introducing new foods
You’ve come a long way, baby.
But maybe not as long a way as you would like.
- The good news is that if you follow this step-by-step, blow-by-blow guide to introducing new foods, it’s guaranteed to change how your kids eat.
- The bad news is that no matter how much progress you make, at some point, your child will slide back.
This is the last installment in my series The Step-by-Step, Blow-by-Blow Guide to Introducing New Foods that’s Guaranteed to Change How Your Kids Eat. If you’re new, start here.
Here’s my last piece of advice…and I’m sorry, it might feel like a downer, but it’s meant to be an upper.
You’ve got to plan for failure…er…the future!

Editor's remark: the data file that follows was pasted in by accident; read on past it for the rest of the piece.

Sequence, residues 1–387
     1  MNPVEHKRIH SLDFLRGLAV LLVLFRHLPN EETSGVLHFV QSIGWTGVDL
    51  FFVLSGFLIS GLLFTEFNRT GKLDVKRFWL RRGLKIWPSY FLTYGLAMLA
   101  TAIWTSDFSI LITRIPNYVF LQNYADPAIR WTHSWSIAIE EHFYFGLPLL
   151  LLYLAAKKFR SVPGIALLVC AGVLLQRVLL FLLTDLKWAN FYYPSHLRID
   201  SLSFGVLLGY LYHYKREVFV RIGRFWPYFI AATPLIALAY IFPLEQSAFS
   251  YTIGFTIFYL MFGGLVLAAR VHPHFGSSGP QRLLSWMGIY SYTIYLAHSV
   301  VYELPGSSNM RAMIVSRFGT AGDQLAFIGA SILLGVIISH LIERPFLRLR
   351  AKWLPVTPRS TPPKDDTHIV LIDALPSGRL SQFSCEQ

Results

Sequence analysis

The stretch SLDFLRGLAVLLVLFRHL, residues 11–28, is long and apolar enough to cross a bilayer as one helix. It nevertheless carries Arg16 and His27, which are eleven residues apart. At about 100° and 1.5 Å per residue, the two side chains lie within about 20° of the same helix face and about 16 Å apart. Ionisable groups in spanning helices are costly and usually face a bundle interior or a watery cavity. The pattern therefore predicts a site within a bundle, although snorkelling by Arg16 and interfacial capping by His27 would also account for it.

In my experience, kids will “play along” for some amount of time…until they stop. (I hate to be the one to break it to you.)
The thing to remember is that these setbacks are just that…setbacks.
If you have a plan then the setback won’t throw you off-track. It will just be a pause. A deep breath. A moment of reflection.
What can you do when your children—who have been doing a really good job tasting new foods— suddenly stop tasting new foods?
- Talk to your kids about what is going on in a non-judgmental way.
- Take a mini-vacation from tasting.
- Take a few steps back. Reverting to an easier step will bring your child back onboard. Instead of tasting, offer a smell, a touch, or just a look.
- Pull out the heavy hitters: start offering tastes of ice cream, cookies, etc. This reminds your children that tasting can be fun. Read Take a Walk on the Wild Side.
- Remember those shampoo instructions: rinse and repeat.
- Have a class of wine!
Got questions? Ask.
~Changing the conversation from nutrition to habits.~